Part 1: Technology is Critical to Your ESG Strategy

Part 1: Technology is Critical to Your ESG Strategy

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by Daron Pearce, founder and CEO of Daron Pearce Associates

In fact, technology is not just critical, technology is the answer.

It can support ESG investment decisions with accurate reporting, drive sustainable IT, provide carbon neutral technologies, and give investors opportunities to create a path to net zero with fully transparent outcomes.

Companies who don't embrace ESG reporting technologies risk losing the fundamental trust of their investors.

The European Banking Authority (EBA) recently published binding standards on Pillar 3 disclosures on ESG risks. These will enable stakeholders to assess the climate change, social and governance risks that impact an organisation's balance sheet.

In November 2021, during COP26, a new International Sustainability Standards Board (ISSB) was announced. It will create sustainability disclosure standards to guide investment decisions and consolidate existing policies to create a gold standard.

Reinhard Dotzlaw, Partner and Global IFRS Leader at KMPG, says:

"The creation of globally consistent and transparent sustainability disclosure standards focused on long-term value creation will strengthen our capital markets by helping investors make better decisions. The hope now is that jurisdictions globally get behind the new ISSB."

Climate tech is part of a larger movement that, driven by the rise of ESG, will be accompanied by reporting technologies which enforce robust regulation and support long-term interest. ESG is now centre stage and businesses, investors and governments are using it to link their decisions to measurable outcomes.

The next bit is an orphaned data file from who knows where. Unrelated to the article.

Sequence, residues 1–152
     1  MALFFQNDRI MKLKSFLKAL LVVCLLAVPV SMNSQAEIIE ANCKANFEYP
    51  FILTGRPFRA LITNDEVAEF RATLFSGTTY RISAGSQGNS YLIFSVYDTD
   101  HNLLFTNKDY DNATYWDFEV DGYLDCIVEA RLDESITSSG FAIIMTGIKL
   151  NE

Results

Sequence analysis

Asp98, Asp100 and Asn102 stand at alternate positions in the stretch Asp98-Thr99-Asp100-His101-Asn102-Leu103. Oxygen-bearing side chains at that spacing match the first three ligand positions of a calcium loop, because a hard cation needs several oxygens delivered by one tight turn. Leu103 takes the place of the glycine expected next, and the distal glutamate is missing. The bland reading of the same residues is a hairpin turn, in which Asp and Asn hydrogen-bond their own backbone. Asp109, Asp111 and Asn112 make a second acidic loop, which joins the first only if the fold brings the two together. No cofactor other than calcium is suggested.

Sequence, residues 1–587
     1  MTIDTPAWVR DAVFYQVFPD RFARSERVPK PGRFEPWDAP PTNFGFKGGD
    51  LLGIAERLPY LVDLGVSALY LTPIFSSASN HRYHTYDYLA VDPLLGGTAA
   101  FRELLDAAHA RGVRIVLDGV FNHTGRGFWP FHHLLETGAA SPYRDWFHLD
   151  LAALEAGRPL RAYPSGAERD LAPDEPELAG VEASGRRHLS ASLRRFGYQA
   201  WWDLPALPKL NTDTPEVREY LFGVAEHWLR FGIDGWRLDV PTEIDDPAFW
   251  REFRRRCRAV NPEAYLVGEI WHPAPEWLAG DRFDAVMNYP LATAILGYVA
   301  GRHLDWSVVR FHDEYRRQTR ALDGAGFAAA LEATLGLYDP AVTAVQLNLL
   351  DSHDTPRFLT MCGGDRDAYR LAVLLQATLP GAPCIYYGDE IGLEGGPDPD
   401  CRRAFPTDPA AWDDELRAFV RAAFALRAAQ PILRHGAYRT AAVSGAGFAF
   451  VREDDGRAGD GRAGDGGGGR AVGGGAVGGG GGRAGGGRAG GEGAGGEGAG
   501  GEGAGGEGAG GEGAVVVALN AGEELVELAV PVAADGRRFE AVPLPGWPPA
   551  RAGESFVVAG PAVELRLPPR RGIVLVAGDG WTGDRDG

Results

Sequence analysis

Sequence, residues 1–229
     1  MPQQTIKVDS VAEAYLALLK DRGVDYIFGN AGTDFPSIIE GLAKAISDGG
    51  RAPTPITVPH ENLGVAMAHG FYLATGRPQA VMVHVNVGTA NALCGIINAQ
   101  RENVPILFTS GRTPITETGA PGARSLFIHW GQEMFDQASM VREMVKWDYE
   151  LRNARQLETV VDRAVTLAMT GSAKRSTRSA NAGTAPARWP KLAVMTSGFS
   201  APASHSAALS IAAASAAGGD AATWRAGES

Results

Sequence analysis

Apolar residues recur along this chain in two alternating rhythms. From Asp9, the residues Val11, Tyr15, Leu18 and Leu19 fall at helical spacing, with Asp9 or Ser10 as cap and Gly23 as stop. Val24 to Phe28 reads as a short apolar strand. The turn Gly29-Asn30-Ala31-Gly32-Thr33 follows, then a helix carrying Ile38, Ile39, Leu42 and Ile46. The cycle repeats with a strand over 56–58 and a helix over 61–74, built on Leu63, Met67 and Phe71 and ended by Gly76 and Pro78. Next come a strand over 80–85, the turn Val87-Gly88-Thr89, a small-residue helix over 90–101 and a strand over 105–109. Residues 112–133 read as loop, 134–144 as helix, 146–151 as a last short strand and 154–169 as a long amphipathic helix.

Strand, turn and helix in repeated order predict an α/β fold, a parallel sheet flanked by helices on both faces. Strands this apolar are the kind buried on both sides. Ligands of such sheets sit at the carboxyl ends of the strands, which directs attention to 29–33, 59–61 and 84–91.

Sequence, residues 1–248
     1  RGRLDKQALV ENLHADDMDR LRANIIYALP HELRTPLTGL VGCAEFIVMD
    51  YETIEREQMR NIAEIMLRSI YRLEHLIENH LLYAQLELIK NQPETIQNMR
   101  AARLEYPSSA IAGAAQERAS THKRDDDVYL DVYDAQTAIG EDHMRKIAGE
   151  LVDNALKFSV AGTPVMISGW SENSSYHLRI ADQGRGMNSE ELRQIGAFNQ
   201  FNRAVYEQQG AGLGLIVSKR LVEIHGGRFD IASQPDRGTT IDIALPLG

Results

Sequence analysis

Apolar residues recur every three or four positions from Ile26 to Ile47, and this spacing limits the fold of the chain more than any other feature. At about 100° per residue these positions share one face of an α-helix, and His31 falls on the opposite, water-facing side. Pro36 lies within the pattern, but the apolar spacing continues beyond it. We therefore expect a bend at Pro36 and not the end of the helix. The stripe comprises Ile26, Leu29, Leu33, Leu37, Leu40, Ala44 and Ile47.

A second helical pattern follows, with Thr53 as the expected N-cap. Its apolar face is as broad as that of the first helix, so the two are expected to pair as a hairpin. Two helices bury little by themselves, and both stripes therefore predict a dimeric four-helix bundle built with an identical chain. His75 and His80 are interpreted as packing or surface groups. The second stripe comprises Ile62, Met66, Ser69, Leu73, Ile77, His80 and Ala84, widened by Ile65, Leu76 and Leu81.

What ESG also shows is that technology is part of a broader movement that enables social and environmental change. So, how can technology support a broader movement towards regulation and standards?

Accurate Reporting Reduces Investment Risk

Most companies know they need better data to monitor the outcomes of their ESG initiatives. But existing data is undermined by a lack of regulation and 82% of investors believe that companies will not comply with ESG reporting regulations.

That's where technology comes in. When companies can measure their environmental and social impact, they can show that their plan is working and boost credibility with investors.

Unsurprisingly, technology companies are stepping into the gap in a big way.

ServiceNow has developed a new integrated ESG solution to help companies comply with existing and proposed regulations. Google Cloud has launched Carbon Footprint with a transparent calculation methodology for verification against industry standards.